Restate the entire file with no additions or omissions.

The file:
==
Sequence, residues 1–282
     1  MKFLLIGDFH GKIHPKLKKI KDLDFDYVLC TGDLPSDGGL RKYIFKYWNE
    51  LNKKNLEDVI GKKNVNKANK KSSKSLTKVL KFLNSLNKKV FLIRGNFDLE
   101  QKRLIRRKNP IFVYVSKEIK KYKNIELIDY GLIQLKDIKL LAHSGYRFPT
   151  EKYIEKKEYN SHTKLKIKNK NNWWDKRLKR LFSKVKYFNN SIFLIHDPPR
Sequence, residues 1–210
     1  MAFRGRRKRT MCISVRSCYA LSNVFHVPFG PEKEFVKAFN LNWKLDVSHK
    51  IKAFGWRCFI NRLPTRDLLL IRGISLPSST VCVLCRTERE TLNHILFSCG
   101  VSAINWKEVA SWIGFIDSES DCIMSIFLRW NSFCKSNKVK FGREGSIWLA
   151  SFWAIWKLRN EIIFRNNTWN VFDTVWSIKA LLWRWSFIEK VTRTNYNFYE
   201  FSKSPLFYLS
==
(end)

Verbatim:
Sequence, residues 1–282
     1  MKFLLIGDFH GKIHPKLKKI KDLDFDYVLC TGDLPSDGGL RKYIFKYWNE
    51  LNKKNLEDVI GKKNVNKANK KSSKSLTKVL KFLNSLNKKV FLIRGNFDLE
   101  QKRLIRRKNP IFVYVSKEIK KYKNIELIDY GLIQLKDIKL LAHSGYRFPT
   151  EKYIEKKEYN SHTKLKIKNK NNWWDKRLKR LFSKVKYFNN SIFLIHDPPR
Sequence, residues 1–210
     1  MAFRGRRKRT MCISVRSCYA LSNVFHVPFG PEKEFVKAFN LNWKLDVSHK
    51  IKAFGWRCFI NRLPTRDLLL IRGISLPSST VCVLCRTERE TLNHILFSCG
   101  VSAINWKEVA SWIGFIDSES DCIMSIFLRW NSFCKSNKVK FGREGSIWLA
   151  SFWAIWKLRN EIIFRNNTWN VFDTVWSIKA LLWRWSFIEK VTRTNYNFYE
   201  FSKSPLFYLS